I, like most people, take my mobile phone with me (almost) everywhere I go. I use it for standard features such as phone calls and text messages, as well as an organiser with (multiple) reminders, managing several email accounts (personal and work), various social media platforms (again personal and work), camera and video features, banking, games, music, the list goes on.
I remember the days when I didn’t have a smart phone permanently attached to my hand; I wasn’t stressed, I didn’t need Google to help prove points during a friendly disagreement, there were no posts on Facebook asking for advice from friends before making an adult decision, I had more conversations with actual human beings, and I didn’t play Sugar Smash or Candy Crush on the weekend.
Lately, I’ve come to realise that I am addicted to my phone. It is the first thing that I look at when I wake up in the morning, and the last thing I look at before I go to sleep at night….It’s time for a break.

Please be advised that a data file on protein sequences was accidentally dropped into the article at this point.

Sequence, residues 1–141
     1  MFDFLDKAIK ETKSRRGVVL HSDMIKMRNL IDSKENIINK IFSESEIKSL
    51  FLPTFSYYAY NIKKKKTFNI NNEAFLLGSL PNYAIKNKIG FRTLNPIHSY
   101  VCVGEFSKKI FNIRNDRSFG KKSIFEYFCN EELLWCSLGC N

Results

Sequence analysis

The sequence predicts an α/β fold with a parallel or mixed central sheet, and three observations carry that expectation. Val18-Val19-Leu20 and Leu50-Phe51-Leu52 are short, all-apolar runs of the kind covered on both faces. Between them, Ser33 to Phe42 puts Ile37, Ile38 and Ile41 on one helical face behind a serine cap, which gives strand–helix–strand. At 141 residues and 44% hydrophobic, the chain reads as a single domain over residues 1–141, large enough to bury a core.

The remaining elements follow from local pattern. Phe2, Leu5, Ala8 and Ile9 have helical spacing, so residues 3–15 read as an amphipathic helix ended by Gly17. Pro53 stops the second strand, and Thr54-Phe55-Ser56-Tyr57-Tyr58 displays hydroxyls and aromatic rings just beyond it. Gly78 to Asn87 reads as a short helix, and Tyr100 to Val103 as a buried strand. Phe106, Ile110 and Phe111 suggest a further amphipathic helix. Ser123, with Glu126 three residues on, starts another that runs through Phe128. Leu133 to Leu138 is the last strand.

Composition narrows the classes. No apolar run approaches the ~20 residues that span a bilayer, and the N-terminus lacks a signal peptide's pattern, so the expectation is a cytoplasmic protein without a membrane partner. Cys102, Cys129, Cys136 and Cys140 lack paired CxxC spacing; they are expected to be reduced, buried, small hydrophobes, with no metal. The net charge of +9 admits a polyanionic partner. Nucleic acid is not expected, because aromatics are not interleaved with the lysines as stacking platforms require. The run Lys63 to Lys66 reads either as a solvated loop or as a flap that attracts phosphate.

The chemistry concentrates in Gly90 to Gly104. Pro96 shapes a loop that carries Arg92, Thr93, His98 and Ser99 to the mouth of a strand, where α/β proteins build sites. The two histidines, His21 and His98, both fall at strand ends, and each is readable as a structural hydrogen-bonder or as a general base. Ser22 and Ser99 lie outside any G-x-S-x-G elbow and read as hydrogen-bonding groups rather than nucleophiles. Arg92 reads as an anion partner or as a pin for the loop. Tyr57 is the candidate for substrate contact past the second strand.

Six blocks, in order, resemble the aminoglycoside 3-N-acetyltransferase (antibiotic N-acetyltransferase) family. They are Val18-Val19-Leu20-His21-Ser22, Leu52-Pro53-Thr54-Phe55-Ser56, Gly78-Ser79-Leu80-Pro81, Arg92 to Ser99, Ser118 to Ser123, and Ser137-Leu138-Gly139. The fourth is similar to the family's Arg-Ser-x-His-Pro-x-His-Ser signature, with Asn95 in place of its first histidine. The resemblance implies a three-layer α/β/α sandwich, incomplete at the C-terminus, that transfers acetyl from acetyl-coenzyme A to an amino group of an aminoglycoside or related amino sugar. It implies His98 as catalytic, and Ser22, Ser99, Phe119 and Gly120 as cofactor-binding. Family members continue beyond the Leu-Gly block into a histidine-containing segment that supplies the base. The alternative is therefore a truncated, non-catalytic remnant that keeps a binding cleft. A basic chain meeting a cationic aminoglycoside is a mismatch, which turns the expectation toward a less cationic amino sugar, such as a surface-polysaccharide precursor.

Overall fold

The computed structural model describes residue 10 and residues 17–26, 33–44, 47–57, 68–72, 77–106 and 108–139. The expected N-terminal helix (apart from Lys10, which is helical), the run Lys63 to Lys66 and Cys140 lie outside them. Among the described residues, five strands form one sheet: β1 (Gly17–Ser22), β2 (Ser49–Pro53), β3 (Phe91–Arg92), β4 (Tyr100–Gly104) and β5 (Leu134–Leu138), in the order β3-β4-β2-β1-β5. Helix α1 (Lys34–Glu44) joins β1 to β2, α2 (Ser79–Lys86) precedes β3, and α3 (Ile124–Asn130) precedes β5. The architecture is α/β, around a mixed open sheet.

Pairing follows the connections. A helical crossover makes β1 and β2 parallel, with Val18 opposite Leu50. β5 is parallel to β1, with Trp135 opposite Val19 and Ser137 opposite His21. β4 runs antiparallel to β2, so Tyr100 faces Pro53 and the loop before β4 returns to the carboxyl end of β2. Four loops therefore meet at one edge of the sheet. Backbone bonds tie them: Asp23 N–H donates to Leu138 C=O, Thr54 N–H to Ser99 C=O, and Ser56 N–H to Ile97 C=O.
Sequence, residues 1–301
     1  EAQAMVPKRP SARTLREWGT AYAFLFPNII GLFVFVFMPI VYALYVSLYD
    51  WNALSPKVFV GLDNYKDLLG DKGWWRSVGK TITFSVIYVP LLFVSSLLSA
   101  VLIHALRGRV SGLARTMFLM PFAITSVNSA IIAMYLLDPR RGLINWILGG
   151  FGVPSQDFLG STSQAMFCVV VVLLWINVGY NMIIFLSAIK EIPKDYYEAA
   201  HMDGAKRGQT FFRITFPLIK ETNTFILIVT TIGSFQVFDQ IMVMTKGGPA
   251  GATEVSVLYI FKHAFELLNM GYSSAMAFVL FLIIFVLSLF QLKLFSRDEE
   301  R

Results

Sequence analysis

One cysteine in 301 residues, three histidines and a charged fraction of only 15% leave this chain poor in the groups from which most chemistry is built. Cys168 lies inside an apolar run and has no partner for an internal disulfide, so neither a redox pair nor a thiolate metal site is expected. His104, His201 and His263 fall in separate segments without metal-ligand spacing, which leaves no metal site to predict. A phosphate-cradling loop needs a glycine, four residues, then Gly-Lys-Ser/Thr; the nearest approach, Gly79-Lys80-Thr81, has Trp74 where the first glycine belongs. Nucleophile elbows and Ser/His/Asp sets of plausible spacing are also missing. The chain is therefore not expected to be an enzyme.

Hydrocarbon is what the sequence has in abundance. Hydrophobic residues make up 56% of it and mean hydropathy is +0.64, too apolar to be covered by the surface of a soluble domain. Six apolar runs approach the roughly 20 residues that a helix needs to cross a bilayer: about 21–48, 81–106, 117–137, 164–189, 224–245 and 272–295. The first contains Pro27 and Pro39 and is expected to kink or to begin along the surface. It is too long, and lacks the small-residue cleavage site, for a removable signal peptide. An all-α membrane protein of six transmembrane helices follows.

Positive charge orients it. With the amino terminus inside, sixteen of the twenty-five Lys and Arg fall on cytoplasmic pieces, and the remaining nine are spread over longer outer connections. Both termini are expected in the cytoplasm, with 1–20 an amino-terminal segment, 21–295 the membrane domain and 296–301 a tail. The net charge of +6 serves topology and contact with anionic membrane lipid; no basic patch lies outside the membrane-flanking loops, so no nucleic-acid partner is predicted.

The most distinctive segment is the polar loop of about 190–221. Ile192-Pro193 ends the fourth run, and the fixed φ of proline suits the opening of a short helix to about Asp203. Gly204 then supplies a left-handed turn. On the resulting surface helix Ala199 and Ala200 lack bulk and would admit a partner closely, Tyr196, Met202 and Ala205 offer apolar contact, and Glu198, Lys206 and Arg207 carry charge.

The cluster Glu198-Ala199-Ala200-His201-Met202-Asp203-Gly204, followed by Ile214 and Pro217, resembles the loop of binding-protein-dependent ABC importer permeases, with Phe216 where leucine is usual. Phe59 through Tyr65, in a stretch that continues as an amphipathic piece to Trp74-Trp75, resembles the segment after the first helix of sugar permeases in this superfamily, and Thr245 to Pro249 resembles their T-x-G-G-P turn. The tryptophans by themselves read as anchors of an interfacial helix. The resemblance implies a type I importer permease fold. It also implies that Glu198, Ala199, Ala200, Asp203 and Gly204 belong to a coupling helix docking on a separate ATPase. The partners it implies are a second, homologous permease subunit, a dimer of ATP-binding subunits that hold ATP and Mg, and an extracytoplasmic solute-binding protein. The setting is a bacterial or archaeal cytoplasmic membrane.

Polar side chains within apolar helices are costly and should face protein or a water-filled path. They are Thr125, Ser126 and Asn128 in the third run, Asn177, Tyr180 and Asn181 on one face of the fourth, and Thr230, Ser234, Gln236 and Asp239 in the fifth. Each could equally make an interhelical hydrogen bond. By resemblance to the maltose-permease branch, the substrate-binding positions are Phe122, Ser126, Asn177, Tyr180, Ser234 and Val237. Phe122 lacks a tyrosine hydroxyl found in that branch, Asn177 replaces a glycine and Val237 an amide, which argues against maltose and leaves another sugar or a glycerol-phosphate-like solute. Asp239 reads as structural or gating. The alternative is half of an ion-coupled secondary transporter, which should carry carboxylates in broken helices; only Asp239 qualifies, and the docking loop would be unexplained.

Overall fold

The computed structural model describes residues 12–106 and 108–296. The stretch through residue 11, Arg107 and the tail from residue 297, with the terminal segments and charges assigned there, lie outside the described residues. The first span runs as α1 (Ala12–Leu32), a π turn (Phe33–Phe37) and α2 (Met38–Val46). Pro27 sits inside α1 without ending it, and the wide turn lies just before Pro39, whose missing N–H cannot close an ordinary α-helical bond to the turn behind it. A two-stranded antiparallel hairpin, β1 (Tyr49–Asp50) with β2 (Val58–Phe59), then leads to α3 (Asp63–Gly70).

I’ve decided to put a couple of rules in place to help me reduce my phone usage, and get back to enjoying normal life.
- Activate the Do Not Disturb feature
By activating the Do Not Disturb feature, you can mute all notifications between a set time, for example: on my iPhone, I have the DND feature set for 8:30pm and 5:00am each day.
- Turn off Notifications
Some apps offer push notifications – my suggestion is to turn them off where possible. My phone sits on my desk next to my computer keyboard when I am at work; when a notification comes through, it breaks my concentration and I momentarily lose focus on what I was working on….it impacts on my productivity.
- Block-out time for No Phone Use
I must admit, I had trouble setting this rule. However, I’ve decided not to use my phone after 7:30pm in the evening, until the next morning.
- No Phone at Lunch
During the week, I am often seen using my phone while on my lunch break, whether I am checking Twitter or Facebook, watching a YouTube video, playing a game or something else. I am now going to leave my phone at my desk and have lunch in the lunch room (this one was also hard to write!).
- Leave the Phone at Home
It is possible to go somewhere without your phone! I left my phone at home when we went out for dinner last night, and I really enjoyed it. The family and I had real conversations, and weren’t distracted by our phones.
There is life without my phone, and I am looking forward to more and more positive results!
By Jessica Daley (Internal Account Manager)